Cara Bentley. Premier. 16 February 2018
Climate ActionUK 16 February 2018
Archbishop of Canterbury's website. 16 February 2018
If you care so much about Haitians you should be asking why Oxfam was there in the first place – Independent
Compare the lack of interest shown by the international media, politicians and assorted celebrities to the cholera epidemic, leading to the death of thousands of Haitians, with the hysterical outrage expressed about Oxfam officials consorting with prostitutes
Patrick Cockburn. Independent. 16 February 2018
by David Robertson:
The media could hardly contain their excitement as they breathlessly announced that Tom Daley and his partner Dustin Black are ‘having a baby’. Conveniently ignoring that the statement is of course a nonsensical post-truth alternative fact. Two men cannot have a baby. What is happening is that the two men are using a woman to provide a baby for them – whether it’s a friend or they have hired someone is not really the question. Why does anyone think that it’s a good thing to deliberately bring a child into the world without a mother? Why are our media so scared to actually speak the truth about this? Is it because truth is held in such low esteem?
Can I point out that this is not to attack or demonise Tom Daley or Dustin Black – my concern is with the way that children are being treated as commodities and their needs being ignored. I wrote in a much earlier piece in defence of Tom Daley.
Christian Today had an article pointing out the hypocrisy in this, but the article itself is indicative of how the church has become so confused on this issue.
It’s incredible that one should have to point this out to a Christian writer – but being opposed to same-sex marriage is not homophobic. And welcoming people in church does not mean that you have to agree with every aspect of their lifestyle!
from Christian Concern:
Chilling arguments used by opposition barrister.
Thank you so much for your support and prayers for Christian ex-magistrate Richard Page, who has been at Croydon Employment Tribunal this week. Richard was dismissed as a magistrate for his view that children do best with a mother and a father.
Andrea Williams, chief executive of Christian Concern, gives a video update on the case, explaining some of the chilling arguments that have been used in court by the opposing barrister.
In a wide-ranging interview with the Church Times to mark five years in office, the Archbishop of Canterbury, Justin Welby, has said that the Anglican Communion is in “a better place” than it was five years ago. He described the question as “a hostage to fortune”; but said that the improvements in the communion were “building on what was already happening” and he said: “I’m not taking credit for it in any way.”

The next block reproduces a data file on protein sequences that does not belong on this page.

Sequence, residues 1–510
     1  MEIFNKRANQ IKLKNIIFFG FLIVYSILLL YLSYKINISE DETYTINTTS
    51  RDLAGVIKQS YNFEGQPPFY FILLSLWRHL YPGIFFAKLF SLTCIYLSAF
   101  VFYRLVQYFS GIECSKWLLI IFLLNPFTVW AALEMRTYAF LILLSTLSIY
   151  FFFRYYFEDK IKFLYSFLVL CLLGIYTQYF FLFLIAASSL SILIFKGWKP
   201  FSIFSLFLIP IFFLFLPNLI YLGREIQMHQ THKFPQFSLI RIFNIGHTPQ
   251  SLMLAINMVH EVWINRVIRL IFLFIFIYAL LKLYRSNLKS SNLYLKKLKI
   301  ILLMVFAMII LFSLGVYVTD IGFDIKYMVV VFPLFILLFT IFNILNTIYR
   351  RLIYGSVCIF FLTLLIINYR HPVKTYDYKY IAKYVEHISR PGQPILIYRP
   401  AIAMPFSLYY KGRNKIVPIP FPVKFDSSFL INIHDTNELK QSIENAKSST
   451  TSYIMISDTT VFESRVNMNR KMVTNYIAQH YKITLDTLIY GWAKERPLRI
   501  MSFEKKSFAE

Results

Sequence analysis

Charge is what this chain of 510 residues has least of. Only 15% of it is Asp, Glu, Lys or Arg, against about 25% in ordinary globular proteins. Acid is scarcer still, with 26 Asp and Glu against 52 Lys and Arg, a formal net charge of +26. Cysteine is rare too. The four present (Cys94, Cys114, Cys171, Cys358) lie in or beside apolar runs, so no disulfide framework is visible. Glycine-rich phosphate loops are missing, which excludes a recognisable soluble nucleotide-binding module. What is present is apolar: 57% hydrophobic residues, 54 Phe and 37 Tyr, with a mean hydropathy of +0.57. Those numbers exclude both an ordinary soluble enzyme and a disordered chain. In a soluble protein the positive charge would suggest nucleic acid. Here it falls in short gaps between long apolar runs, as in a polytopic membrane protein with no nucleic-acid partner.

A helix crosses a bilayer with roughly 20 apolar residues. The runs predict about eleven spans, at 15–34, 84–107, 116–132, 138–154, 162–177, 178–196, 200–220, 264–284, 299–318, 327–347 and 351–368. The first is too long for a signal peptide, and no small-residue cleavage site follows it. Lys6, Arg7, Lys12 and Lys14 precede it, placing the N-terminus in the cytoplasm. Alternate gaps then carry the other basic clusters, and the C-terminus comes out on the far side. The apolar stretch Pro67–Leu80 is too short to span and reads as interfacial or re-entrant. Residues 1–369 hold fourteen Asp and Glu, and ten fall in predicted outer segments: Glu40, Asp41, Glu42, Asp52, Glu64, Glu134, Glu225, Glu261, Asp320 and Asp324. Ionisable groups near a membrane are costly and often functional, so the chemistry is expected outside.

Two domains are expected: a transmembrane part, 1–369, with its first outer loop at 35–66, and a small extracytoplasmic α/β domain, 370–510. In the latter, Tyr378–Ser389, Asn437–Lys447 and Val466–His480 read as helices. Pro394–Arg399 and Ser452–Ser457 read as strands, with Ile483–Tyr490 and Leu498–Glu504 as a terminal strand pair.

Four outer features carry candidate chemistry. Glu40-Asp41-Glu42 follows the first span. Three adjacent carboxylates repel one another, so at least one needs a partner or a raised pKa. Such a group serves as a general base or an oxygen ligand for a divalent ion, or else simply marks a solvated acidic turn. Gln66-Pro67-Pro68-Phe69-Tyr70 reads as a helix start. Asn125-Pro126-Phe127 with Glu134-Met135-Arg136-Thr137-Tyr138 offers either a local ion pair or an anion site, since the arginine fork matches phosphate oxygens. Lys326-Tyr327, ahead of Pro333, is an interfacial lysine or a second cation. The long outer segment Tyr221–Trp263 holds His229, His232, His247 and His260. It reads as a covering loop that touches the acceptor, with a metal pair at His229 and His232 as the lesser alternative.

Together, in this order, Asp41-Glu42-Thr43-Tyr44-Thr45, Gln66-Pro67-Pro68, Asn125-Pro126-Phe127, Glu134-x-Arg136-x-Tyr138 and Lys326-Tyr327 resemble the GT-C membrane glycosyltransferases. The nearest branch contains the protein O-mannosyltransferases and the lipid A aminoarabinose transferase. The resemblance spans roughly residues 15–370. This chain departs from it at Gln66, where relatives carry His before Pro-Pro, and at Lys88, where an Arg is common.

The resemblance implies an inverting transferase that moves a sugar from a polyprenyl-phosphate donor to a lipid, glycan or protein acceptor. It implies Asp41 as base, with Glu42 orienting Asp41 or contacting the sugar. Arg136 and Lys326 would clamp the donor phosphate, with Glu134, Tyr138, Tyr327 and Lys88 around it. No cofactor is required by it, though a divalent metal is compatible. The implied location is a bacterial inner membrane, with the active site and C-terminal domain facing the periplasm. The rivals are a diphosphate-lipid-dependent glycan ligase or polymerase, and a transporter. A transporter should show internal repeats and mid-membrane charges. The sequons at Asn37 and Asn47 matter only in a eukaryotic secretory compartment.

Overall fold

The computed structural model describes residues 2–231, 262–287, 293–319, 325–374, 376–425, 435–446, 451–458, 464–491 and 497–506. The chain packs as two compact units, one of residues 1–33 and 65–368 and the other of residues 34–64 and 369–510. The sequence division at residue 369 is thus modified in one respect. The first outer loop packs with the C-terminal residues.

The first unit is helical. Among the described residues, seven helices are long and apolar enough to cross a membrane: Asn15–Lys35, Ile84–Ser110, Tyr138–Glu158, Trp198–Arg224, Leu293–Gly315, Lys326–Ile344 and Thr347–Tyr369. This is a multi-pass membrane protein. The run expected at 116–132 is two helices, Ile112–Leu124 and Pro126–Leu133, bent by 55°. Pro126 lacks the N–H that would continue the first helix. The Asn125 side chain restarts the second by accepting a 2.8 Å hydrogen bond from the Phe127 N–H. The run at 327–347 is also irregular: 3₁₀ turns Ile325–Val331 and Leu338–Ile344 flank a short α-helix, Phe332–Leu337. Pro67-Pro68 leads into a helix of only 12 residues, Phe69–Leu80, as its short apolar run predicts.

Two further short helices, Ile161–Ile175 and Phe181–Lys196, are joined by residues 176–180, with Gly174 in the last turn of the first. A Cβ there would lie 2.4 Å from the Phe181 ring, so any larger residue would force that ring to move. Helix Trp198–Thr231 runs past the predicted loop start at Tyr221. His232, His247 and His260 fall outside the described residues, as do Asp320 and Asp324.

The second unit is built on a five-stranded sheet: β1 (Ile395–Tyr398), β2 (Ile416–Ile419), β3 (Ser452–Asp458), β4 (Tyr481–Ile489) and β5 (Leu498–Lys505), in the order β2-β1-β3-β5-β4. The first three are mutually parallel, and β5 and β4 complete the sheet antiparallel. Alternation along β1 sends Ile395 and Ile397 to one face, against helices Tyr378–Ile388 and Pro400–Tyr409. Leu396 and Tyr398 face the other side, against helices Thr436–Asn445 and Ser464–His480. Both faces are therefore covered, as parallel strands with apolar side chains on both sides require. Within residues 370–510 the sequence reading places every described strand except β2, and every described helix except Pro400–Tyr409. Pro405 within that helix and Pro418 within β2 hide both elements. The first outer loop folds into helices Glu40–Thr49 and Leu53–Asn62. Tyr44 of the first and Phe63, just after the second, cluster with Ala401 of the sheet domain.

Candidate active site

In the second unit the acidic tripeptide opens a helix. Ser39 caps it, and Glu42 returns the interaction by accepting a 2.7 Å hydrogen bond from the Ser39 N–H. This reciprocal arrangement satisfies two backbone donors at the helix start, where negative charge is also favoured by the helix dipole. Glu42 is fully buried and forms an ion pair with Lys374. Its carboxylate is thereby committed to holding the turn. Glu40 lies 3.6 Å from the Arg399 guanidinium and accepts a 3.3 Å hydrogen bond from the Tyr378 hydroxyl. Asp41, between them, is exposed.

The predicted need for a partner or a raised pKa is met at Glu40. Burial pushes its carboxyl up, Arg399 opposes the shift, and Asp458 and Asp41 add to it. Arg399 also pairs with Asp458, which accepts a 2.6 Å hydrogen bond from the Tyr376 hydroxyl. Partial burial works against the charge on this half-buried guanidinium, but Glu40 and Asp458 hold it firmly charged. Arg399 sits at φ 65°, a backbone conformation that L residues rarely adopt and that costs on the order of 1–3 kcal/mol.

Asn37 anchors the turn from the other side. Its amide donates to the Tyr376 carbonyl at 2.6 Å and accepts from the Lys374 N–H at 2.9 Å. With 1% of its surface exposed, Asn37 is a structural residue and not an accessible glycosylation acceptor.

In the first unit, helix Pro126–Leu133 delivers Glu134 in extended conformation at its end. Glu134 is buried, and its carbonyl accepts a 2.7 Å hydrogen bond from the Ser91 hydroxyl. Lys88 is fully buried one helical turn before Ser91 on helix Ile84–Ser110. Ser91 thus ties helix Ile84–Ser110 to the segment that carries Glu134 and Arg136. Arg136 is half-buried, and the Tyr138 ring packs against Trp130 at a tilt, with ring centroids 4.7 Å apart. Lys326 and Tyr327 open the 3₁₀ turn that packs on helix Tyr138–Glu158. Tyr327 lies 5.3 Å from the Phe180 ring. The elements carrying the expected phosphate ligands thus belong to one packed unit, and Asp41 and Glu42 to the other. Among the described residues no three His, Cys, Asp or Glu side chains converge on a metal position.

ACNS 16 February 2018
Members of the Anglican Communion’s new Inter Faith Commission will gather for their first meeting next week, in Cairo, Egypt. The AIFC was requested by the Anglican Consultative Council when they met in Lusaka in 2016, and launched at the Primates’ Meeting in Canterbury last October. Its purpose is to “bring mutual understanding and build trust where there is ignorance, fear and hostility” between different faith groups.
ACNS 16 February 2018
by Lianne Laurence, LifeSite:
Tanya Granic Allen says she will repeal the Liberal government’s “radical sex-ed curriculum” and give parents “ultimate responsibility to take care of their kids” if elected leader of the Ontario Progressive Conservative Party and premier of Ontario.
Granic Allen faced off against three other candidates in the first PC Party leadership debate, which was sponsored by TVO’s The Agenda and hosted by Steve Paikin. Watch the entire debate below.
She is running against Doug Ford, Caroline Mulroney and Christine Elliott.
A mother of four and president of Parents As First Educators (PAFE), Granic Allen also confirmed in a scrum after the debate that she has successfully raised the $100,000 entry fee required by the party.
PAFE has been in the forefront of opposing the sex-ed curriculum which the Liberals rolled out in all the province’s publicly funded schools in 2015 despite huge parental backlash.
“I’m not against sex ed, I’m just against Kathleen Wynne’s radical sex ed,” Granic Allen said.
“I run a not-for-profit that represents over 80,000 parents in Ontario; I have yet to meet a parent who’s comfortable with anal sex in the classroom.”
from The Christian Institute:
In the news this week: Stonewall urges teachers to promote LGBT issues in Maths and Science, a parent is abused on Mumsnet for questioning a school LGBT day, and Ocado removes a blasphemous product after complaints.
You can download the video via this link.Featured stories
- Furore over River Island’s ‘Gender Free’ advert with gay kiss
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Bishop Maimbo Mndolwa of the Diocese of Tanga has been elected as the next Archbishop and Primate of the Anglican Church of Tanzania.
by Joanna Williams, spiked:
The argument over who is a woman has descended into ugly victim politics.The UK Labour Party’s use of all-women shortlists raises many questions. Why are women deemed incapable of getting elected on their own merits? Why does Labour consider its voters to be so stupid they wouldn’t elect a woman even if she was the best candidate? Why does the party have such little regard for democracy that it feels entitled to impose candidates on a constituency? Yet since Labour first began using all-women shortlists in 1997, these issues have scarcely been addressed. Instead, the lists have prompted one question in particular: what does it mean to be a woman?